Micro dosing, which is providing minuscule amounts of a particular plant or medication, of psychedelic mushrooms, which contain the compound psilocybin, have recently found themselves being studied in tests for Alzheimer’s related Dementia, as well as other studies for the treatment of chronic pain and other mental health disorders, including phantom limb pain. Many of the plants used in these studies, such as mescaline and other opioids, are found solely in Mexico or are primarily being harvested there. While many physicians still frown on the use of illegal substances, holistic providers have more open minds as new studies come out about these plants. These studies are reminiscent of the origins of the use of barbasco in that they are remedies and cures that have been known to local and indigenous healers for a very long time.
The poppy is a plant that has long grown in Mexico. It has also been used for thousands of years for its anesthetic properties. It has long been used by curanderos and other folk healers for the pain relief it brings, although it is a substance that a user can quickly become addicted to. Once morphine was distilled from it, Western medicine began to use it to help during surgeries. For many years, Western medicine used morphine as their leading pain relief. It was used in multiple wars, sometimes overly gratuitously on the battlefield, which did not help with addictions, but it was a significant source of relief to those who could not be treated right away.
The use of traditional cures evolving into modern pharmaceuticals is nothing new, going back to early vaccines and the discovery of penicillin by Alexander Fleming. While the uses of these medications are not always successful, Pharmacology and the search for newer and better medicines is never ending. The jungles not only in Mexico but around the world are endless areas of potential cures and medicines that have yet to be discovered. Barbasco is a great example of this. It was a simple weed until a scientist was able to take it and turn it into something that not only changed the way women handled their reproductive choices and lives, but also saved lives by creating steroids such as cortisone.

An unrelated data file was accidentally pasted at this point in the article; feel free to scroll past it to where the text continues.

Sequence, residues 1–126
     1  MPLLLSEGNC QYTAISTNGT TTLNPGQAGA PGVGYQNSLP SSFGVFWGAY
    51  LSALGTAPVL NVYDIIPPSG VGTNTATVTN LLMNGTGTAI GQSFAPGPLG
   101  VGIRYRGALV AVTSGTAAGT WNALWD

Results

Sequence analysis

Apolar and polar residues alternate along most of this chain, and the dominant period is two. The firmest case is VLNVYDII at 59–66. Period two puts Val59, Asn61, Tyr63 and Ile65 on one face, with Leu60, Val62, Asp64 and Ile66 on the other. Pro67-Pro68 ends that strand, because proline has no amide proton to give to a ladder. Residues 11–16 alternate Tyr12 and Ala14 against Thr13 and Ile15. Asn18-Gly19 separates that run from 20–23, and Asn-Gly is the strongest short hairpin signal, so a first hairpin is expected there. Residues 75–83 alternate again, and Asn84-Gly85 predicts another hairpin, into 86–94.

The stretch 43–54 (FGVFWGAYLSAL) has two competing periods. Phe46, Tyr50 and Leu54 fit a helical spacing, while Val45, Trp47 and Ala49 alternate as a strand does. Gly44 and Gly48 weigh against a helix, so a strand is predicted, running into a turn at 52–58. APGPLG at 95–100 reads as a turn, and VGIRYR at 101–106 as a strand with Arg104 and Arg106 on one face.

Curanderos and Western medicine are very different, but they have the same goal- treating patients and keeping everyone in good health. While their methods, in the end, may be different, some of the ways they go about helping their patients are similar, including both using medicinals to help cure. While traditional medicine is still very alive in Mexico and the Southwestern United States, it can also be found in enough places across the world that the WHO has decided that working with instead of against it is the way to go. Western medicine has also taken cures and medicinals from curanderos such as the barbasco yam, opium, and psychedelic mushrooms. The legalization of some formerly non-medicinal medicines has opened the doors to new tests and studies on the effects and benefits of other non-medicinal plants. By working together, traditional medicine and Western medicine will be able to provide the best possible care for the citizens of Mexico.